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Parker | Racor

Beneficial Effects of Bypass Filtration For Contamination Reduction In Diesel Engines

Abstract

Bypass filter efficiency rating and particle size retention will vary depending on the manufacture and media used, but all have the same goal, which is to reduce the level of contaminants in the lube system. Bypass filtration also increases the filtration system contaminant retention capacity.

Bypass filtration can be added in a kidney loop configuration with the full-flow filter, combined in the same canister with the full-flow filter, or installed completely separate from the lubrication system as an offline system with it’s own circulating pump.

Introduction

This paper is intended to discuss the benefits of bypass filtration for reducing contaminants in diesel engine lubrication systems found in diesel engine lube oil that will cause wear, reduce component and ultimately engine life with increased maintenance and repair costs.

Background

Current engines utilize a full flow filter designed to maintain a specific level of cleanliness and capacity, which is determined by the engine manufacture. Cleanliness levels are to protect moving parts within the engine and capacity is needed to obtain the desired oil change interval.

There are many situations that may introduce more than the normal levels of contaminants. They include long idle times, harsh conditions, or the need to increase the time between oil change intervals.

A standard oil filter element may not have the ability to filter the level of contaminants out over longer times or have the capacity to hold the contaminants during the extended period.

A bypass filter is added to the lubrication system to supply the additional filtration and capacity for these conditions.

A typical lubrication system will comprise of a suction strainer, oil pump, oil pressure regulation valve, oil pipe or passages to transport the oil from the pump to the filter, oil cooler and cooler bypass valve if applicable, and a full-flow oil filter.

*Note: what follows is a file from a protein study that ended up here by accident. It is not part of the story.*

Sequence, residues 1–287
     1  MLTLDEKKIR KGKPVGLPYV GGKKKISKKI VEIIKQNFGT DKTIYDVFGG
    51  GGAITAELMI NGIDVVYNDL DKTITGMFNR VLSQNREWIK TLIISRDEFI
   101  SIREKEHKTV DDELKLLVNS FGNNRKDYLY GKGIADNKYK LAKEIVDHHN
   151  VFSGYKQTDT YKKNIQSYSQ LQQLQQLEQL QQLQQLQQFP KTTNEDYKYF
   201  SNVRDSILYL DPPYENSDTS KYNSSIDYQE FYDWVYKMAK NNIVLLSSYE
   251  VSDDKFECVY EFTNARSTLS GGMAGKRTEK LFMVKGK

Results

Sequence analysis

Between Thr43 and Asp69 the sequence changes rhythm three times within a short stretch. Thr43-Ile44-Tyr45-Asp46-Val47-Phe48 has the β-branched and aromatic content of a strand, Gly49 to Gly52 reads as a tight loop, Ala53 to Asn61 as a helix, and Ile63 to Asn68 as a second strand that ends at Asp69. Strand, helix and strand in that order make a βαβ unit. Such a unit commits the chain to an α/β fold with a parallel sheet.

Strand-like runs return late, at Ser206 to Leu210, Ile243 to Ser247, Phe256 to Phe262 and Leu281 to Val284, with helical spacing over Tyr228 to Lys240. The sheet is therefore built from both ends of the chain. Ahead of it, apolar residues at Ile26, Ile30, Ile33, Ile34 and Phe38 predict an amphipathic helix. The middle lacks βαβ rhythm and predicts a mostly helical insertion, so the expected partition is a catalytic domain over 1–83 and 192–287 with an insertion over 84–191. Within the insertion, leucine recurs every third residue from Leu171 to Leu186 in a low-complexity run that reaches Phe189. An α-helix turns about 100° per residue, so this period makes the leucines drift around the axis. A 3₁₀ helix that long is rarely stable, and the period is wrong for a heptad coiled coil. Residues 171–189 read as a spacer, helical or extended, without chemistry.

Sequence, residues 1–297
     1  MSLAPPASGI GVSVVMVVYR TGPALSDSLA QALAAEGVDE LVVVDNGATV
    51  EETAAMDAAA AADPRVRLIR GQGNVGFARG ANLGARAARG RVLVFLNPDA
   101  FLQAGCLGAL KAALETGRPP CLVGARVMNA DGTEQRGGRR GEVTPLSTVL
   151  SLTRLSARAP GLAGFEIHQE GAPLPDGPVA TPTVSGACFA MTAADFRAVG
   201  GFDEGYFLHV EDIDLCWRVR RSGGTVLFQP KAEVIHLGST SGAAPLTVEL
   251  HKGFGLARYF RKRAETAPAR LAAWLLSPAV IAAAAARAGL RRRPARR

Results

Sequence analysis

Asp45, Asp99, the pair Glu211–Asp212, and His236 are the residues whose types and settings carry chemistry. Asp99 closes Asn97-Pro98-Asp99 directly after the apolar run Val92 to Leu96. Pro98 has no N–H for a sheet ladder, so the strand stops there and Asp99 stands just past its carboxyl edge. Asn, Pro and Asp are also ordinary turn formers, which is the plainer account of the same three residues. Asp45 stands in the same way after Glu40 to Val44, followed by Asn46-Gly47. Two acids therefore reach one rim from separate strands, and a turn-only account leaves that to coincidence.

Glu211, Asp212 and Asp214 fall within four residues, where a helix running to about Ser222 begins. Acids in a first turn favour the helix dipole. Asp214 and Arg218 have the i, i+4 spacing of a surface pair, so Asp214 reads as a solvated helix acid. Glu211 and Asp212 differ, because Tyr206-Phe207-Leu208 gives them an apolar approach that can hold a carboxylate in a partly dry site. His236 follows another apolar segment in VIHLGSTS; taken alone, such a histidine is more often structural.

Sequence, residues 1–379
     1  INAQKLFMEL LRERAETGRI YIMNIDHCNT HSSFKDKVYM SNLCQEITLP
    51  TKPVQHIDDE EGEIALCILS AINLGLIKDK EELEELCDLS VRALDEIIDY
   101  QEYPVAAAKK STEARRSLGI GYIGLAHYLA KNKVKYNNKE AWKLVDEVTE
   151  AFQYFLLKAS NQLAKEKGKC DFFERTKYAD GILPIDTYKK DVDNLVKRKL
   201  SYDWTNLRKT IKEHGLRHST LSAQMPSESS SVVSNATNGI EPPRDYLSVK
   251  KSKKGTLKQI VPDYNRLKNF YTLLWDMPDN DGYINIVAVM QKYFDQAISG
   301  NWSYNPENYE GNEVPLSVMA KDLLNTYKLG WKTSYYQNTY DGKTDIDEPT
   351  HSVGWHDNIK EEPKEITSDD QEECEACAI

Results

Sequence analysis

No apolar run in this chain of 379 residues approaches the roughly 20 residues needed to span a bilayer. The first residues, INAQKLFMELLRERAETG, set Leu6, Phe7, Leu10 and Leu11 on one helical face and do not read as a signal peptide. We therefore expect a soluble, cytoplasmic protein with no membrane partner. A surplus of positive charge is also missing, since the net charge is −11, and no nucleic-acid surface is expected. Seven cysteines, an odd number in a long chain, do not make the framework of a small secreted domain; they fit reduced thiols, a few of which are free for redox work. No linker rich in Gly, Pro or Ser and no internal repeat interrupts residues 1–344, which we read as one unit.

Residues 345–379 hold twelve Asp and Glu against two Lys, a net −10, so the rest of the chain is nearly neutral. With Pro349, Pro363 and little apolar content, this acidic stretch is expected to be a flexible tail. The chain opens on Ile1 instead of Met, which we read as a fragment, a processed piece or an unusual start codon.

The engine lube oil pump pumps an excess amount of lube oil flow to cover a wide range of operating conditions, that range from a new engine to an engine with thousands of miles on it and operating under cold and hot temperatures. If not needed the excess oil is diverted or regulated back to the engine sump.

One of the functions of lube oil is to provide a barrier between moving and rotating surfaces. As the clearance between these components increases due to wear, a higher flow of oil is required to maintain the gap in order to keep them from touching and causing premature failure.

Initial start up of an engine is the least lubricated time and thus may be the most detrimental to the engine life because lube oil has drained from the surfaces and for an instant there could be metal-to-metal contact.

The actual amount of wear or damage during this time is hard to predict, but can be directly effected by the quality and condition or cleanliness of t he lube oil. The area of concern and the topic covered in this paper is the long term effect of dirty lube oil and the benefit of adding a bypass oil filter to the engine lube system.

Contaminated lube oil is one of the leading causes for premature engine failure. Engine lube oil will become contaminated or dirty with time so maintenance also plays a big part on the benefits of a bypass oil filter.

Bypass Oil Filtration Benefits

• Higher level of particle filtration efficiency, typically gauged in microns
• Organic material capturing ability, typically gauged in percent
• Higher contaminant capacity, typically gauged in grams of weight
• Cleaner engine oil
• Longer oil drain intervals
• Reduced engine wear
• Longer engine life




Field Tests

Graph #1 shows the comparison of a standard filtration system without bypass and then with bypass on the same vehicle. The service providing the particle count at this time was only able to give a two level count, (6u/14u) compared to a three level (4u/6u/14u) count.